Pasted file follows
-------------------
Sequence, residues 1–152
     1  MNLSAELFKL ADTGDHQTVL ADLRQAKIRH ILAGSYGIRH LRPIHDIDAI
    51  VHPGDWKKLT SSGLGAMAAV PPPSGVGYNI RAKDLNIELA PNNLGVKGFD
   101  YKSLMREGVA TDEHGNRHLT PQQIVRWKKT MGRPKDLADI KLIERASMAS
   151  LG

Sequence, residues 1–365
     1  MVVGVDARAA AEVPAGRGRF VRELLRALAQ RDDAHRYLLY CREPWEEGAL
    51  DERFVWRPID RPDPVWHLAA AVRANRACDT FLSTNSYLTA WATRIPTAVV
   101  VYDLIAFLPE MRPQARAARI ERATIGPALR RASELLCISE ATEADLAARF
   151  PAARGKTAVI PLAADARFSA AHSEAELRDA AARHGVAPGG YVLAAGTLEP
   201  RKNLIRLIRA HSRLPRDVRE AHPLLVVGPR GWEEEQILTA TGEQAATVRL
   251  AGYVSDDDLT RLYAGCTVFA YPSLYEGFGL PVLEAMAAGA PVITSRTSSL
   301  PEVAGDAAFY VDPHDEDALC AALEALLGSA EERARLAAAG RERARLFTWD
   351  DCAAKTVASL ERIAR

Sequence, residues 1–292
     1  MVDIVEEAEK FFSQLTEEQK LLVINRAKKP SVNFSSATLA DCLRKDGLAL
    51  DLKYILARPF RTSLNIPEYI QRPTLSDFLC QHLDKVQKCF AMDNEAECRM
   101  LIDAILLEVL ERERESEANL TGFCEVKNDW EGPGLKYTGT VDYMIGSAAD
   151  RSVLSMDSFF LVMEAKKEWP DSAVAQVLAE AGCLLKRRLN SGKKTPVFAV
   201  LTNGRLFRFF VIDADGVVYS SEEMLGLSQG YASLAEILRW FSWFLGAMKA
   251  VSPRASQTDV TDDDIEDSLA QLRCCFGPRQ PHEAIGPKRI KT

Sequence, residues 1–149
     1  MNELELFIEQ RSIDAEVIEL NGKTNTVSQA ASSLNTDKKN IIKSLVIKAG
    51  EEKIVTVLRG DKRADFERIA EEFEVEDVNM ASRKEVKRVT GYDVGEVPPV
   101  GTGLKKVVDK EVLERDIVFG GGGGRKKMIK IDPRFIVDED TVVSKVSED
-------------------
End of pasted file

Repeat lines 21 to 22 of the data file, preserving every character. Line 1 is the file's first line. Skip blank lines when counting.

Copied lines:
   251  VSPRASQTDV TDDDIEDSLA QLRCCFGPRQ PHEAIGPKRI KT

Sequence, residues 1–149